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Tag Archives: Bandwidth
Tech-solutionism is fairly common in the development sector; we regularly hear that a new widget or (increasingly) the latest app is going to transform some aspect of service delivery or save innumerable hours of time. The same thinking has swamped much discussion on higher education (HE) in the last few years, an issue typified by recent talk about MOOCs. And, as the development sector looks increasingly at the role that higher education has to play in transforming societies and economies, the streams run together. Of course technology plays and has played a vital role in development – in medicine or agriculture for example – and technology and online learning offer huge possibilities for HE. But sometimes it feels like we’re caught in our own hype. Undoubtedly, better broadband connectivity, greater mobile penetration, more students with smartphones and laptops – these are all changing the possibilities for learning, and for the way universities … Continue reading
There seems to be an abundance of articles and posts with the word ‘science’ in the headline lately — at least among those that have been floating around the office. Sure, ‘science’ is a fairly broad term that can relate to anything from a specific subject to a methodology, but in whatever form it takes, it always seems to grab my attention. Today we have science and gender, science and human rights, and science and open access. We also have bandwidth and open access and a touch of the visual from the Guardian’s datablog.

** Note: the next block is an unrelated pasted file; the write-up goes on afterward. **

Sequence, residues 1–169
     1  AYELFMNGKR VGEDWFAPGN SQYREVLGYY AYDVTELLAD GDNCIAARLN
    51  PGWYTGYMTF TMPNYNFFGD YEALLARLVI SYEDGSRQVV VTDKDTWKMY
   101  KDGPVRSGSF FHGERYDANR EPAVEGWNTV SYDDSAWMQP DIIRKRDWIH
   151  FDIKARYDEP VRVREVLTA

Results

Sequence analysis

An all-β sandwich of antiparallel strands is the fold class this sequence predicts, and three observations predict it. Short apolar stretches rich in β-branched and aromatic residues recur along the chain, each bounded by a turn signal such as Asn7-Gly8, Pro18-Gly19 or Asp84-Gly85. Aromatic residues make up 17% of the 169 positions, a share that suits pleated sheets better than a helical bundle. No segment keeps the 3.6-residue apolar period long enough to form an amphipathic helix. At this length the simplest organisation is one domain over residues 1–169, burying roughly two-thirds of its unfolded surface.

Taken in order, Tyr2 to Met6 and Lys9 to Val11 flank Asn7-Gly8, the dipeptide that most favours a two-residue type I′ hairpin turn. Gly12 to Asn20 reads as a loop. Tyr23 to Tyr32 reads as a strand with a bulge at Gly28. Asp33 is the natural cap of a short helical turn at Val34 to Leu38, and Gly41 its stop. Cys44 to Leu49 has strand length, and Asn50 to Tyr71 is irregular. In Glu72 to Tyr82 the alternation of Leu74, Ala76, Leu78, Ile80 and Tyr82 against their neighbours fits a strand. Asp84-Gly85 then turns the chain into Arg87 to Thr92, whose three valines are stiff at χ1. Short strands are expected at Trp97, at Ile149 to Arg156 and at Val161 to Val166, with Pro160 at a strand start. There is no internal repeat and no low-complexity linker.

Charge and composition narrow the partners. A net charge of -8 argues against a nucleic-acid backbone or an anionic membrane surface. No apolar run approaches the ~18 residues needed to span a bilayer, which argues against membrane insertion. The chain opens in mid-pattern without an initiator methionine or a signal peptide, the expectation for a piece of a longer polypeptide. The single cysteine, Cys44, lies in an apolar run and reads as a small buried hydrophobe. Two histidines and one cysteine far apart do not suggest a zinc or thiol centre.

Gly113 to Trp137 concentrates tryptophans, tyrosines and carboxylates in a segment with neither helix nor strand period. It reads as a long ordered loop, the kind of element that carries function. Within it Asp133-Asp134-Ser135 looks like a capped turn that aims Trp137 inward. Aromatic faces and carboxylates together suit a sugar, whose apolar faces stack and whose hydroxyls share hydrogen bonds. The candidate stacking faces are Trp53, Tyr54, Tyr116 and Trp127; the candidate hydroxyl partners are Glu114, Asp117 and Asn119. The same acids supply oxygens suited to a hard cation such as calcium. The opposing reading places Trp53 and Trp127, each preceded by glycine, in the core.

If you are working globally and looking for a different way to engage stakeholders, webinars are becoming increasingly common. The attractions are many – not least the possibilities of hosting scalable, multi-country training sessions or meetings in the most cost-effective way possible.
In June I was lucky enough to try a piece of the largest birthday cake I’ve personally ever seen. Not only was it a magnificent cake but it was delicious as well. But why the cake? Well it was INASP’s 20th Anniversary and to celebrate, we organised a 20th Anniversary Symposium that was held in Oxford a few weeks ago – 20 June to be precise. The purpose of the event was to bring together INASP partners from around the world to explore various aspects of research communication and research uptake for development as they exist today, how the field might develop in the future and to eat some cake! Ignoring the last bit for the moment, we structured the day around inviting a wide range of speakers to examine various “truths” associated with the broad area that can be considered the research information and research uptake for development environment.